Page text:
For tales to unfold

Sam Baker writes it
Cut, bloodied, scarred — mosaics
From life’s shattered shards

Sam Baker knows it
Meaning’s elusive amid
The beauty and pain

Sam Baker sees it
The smallest details reveal
Emotions so deep

Sam Baker lives it
Stories that haunt, love that heals
Though we’re so broken

Hourglass haiku

Kids grow parents die
Looks jobs bosses partners change
In this dance of time

It’s true normal’s just
A dryer setting meaning
Tumbling in hot wind

So we all need things
To hold onto — tumbleweeds
Are so hard to hug

Friends dogs coffee God
Things that don’t just blow away
When storms are brewing

Spaces inside, out
Spaces life can’t rearrange
Unless we say so

We all need our rocks
To build our peace on, knowing
The sands will get in

AE haiku

Amelia Earhart, July 24, 1897 — July ??, 1937

75 years later
The search continues

Mystery, adventure
Derring-do, lust to take wing
Amelia Earhart

Her birthday today
Incarnate in Atchison
Baby girl inspired

From first shed-roof “flight”
To last over Pacific
Spirit blazed, undimmed

And then she vanished
Landing on the wrong island?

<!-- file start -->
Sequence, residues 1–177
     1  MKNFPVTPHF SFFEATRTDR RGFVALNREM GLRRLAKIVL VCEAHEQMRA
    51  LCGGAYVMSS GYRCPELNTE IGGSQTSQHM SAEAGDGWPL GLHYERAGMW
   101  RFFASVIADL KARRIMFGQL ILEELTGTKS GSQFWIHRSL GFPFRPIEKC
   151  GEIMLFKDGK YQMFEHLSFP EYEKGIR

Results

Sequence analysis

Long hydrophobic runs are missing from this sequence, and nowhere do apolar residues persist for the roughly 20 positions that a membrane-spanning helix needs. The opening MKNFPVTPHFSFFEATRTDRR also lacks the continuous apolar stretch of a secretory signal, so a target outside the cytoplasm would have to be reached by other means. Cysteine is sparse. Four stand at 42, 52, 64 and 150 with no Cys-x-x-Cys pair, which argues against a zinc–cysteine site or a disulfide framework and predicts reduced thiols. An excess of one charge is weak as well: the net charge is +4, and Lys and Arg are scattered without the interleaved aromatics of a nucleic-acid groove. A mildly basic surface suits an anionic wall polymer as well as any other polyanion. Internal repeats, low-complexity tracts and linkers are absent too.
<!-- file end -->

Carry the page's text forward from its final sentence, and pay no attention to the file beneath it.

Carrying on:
Ditching in the sea?

The search continues
Hope they find what they’re seeking
If even they know

Perhaps it’s all right
When a dream runs out of gas
To keep chasing it

But I think she would
Move on, lay the dream to rest
Beneath waves and sand

“Last call for Monet” haiku

A YouTube clip of rare Monet footage reminded me of these verses, from the last day of the Monet show last summer at the Nelson Gallery in Kansas City.

Stock markets crashing
A brave helicopter, too
Death and destruction

Monet’s exhibit
Beckons, one last day of peace
Amid the chaos

Cleveland, St. Louis,
KC rejoin their triptych
Of water lilies

Yes, Monet beckons
Grainy black and white film clip
Of a smoking bear

Museum writings
Talk of history and technique.
Soul, they can’t explain

Pure tranquility
Spotlights on the canvases
In dimly lit room

Pure tranquility
Flows across the canvases
42 feet wide

Pure tranquility
Reunites the canvases
Three friends breathe as one

I sit, stand, kneel, rest
Immersing myself in them
From every angle

Can’t see from afar
Without people in the way
They’re part of the show

Round-faced baby girl
Stooped man in tourist-plaid shorts
Three handsome siblings

The Nelson’s garden
Blooms with these human flowers
Shapes, colors, ages

Monet’s panels each
Have a shimmering center
Of yellow and green

Each draws you, calls you
To get lost in reflection
As Monet once did

Clusters of lilies
Give each panel its own life
Different from the rest

Wisps of peach and rose
Deep red here, darker green there
Cream saucers and swirls

Beloved garden
Monet’s refuge from a war
That ravaged his time

Beloved garden
That became his obsession
To paint and rework

Beloved garden
A peace we magically share
Across time and space